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Army Pfc. Henry C. Risner

Died August 18, 2004 Serving During Operation Iraqi Freedom

26, of Golden, Colo.; assigned to the 2nd Battalion, 14th Infantry Regiment, 2nd Brigade, 10th Mountain Division (Light Infantry), Fort Drum, N.Y.; killed Aug. 18 when his checkpoint came under attack by enemy small-arms fire in Baghdad.

Colorado soldier killed in Iraq

By Catherine Tsai

Associated Press

GOLDEN, Colo. — A soldier who was killed in Iraq had joined the Army nearly two years ago to earn money for college, and wanted to become a firefighter, his father said Thursday.

Pfc. Henry C. Risner, 26, died Wednesday near Baghdad when his checkpoint came under enemy small-arms fire, military officials said.

Another soldier told his family Risner was shot while he and other soldiers were passing out candy to children, Risner’s father, Gerald Risner, said.

“He’s one of these boys who, when anybody needed help, he was right there. He was just extremely protective of other people who were in trouble,” Risner said.

The soldier’s death was under investigation.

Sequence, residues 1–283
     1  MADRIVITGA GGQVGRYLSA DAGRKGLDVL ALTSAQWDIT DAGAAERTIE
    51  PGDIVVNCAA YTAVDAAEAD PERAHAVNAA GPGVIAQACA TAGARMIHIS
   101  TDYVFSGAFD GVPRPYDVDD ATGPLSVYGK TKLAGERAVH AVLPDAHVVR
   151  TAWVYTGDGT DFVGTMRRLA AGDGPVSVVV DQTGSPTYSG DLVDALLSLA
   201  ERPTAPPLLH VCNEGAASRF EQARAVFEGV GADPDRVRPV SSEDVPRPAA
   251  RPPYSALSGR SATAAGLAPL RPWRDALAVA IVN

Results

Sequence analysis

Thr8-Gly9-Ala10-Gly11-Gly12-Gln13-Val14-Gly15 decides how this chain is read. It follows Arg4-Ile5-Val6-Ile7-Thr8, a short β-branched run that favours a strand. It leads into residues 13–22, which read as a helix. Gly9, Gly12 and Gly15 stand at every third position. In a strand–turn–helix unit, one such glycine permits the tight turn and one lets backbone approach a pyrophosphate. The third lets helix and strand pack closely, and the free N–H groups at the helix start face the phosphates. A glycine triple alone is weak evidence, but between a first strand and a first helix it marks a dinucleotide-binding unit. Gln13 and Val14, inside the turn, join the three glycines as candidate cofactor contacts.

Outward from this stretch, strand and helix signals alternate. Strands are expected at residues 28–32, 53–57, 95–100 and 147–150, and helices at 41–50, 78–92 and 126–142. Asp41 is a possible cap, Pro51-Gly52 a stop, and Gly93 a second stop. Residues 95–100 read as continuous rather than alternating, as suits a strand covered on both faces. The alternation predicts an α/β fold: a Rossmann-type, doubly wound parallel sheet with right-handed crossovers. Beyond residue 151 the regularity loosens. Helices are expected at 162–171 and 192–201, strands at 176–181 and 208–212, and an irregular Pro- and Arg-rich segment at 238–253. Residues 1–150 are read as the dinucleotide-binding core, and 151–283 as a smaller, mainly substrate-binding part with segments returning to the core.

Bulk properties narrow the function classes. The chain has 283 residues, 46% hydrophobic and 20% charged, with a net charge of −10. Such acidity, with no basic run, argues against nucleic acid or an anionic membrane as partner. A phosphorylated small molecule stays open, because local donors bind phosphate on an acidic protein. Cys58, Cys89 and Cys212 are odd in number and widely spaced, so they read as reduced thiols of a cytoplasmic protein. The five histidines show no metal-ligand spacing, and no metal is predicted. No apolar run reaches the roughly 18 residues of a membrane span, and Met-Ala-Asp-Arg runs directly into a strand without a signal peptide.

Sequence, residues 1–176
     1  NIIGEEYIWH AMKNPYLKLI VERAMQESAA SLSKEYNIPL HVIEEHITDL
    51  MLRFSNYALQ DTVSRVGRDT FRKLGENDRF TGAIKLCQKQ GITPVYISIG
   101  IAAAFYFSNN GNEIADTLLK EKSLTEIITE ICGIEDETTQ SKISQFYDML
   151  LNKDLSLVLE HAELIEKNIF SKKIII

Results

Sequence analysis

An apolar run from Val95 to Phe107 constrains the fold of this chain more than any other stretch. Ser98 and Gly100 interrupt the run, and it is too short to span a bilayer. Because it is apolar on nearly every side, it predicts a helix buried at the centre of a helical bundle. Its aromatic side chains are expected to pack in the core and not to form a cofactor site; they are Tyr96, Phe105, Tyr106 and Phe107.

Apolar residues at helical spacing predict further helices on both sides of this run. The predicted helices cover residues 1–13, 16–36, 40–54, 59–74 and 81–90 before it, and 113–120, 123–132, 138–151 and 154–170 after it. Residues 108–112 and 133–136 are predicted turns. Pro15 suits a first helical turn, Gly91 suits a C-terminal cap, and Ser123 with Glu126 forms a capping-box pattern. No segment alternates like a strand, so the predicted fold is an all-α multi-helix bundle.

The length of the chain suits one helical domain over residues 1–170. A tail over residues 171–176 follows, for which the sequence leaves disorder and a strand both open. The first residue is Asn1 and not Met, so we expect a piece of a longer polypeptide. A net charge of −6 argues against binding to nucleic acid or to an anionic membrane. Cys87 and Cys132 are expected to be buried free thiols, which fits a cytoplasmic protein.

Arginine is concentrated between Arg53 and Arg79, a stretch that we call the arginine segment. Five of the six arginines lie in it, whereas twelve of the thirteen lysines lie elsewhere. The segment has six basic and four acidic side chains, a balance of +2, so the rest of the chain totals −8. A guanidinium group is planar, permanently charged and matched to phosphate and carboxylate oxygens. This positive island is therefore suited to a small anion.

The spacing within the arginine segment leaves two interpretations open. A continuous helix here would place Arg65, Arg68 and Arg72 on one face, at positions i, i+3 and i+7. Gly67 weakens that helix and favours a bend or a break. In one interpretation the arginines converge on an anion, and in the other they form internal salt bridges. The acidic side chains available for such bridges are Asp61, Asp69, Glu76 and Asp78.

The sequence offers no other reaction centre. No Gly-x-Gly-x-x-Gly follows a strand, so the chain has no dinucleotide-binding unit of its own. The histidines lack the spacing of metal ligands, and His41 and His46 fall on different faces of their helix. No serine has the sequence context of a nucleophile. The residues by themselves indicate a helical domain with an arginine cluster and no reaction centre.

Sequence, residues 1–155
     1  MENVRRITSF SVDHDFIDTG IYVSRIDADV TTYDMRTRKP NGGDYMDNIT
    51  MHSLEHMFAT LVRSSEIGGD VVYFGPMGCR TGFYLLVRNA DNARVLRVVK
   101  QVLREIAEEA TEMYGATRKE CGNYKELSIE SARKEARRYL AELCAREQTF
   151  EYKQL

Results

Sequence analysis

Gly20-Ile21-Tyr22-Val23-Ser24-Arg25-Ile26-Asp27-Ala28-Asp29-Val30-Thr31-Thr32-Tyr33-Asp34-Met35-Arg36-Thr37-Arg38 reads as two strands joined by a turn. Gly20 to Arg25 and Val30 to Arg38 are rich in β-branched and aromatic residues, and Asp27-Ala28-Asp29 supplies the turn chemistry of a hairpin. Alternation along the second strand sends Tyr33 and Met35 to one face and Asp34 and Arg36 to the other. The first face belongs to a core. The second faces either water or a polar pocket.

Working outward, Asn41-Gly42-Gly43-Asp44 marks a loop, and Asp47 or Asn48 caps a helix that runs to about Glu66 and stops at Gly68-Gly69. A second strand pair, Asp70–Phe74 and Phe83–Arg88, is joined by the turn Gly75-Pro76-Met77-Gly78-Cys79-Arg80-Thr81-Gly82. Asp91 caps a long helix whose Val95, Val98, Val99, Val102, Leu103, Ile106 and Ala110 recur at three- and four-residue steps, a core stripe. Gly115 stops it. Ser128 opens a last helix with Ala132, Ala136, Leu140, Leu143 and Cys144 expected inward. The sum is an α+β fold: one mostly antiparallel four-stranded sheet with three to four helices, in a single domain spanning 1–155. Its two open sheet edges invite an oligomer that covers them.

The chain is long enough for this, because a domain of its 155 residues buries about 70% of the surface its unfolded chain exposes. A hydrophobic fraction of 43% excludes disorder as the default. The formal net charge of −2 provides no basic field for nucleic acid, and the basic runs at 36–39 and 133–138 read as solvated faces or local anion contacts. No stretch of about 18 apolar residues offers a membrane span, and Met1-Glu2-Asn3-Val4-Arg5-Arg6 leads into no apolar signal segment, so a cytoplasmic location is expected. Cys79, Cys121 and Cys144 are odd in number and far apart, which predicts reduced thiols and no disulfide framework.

Henry Risner was assigned to the 2nd Battalion, 14th Infantry Regiment, 2nd Brigade, 10th Mountain Division (Light Infantry), based at Fort Drum, N.Y.

His wife is expecting a baby in January or February, Gerald Risner said.

Henry Risner decided to join the Army after taking several years to graduate from high school, his father said.

“I said, ‘Good idea,’ because I couldn’t put him through college,” said the elder Risner, a retired Marine.

Risner said his son would help him make and sell cinnamon-roasted almonds at various events.

“I’d tell people there were no calories, and he came up with an anecdote. He’d say we cooked everything in water, and then he’d say ’Did you realize calories can’t swim at this altitude?’ I use that all the time,” Gerald Risner said.

Henry Risner enjoyed hunting, fishing and sports and rooted for the Denver Broncos.

“He was a wonderful young man, very much in love with his wife and looking forward to his child being born,” Gerald Risner said. “He was an American. He would be a poster boy of any one of the armed services. Any of them would be proud to have him.”

Risner also is survived by his mother.

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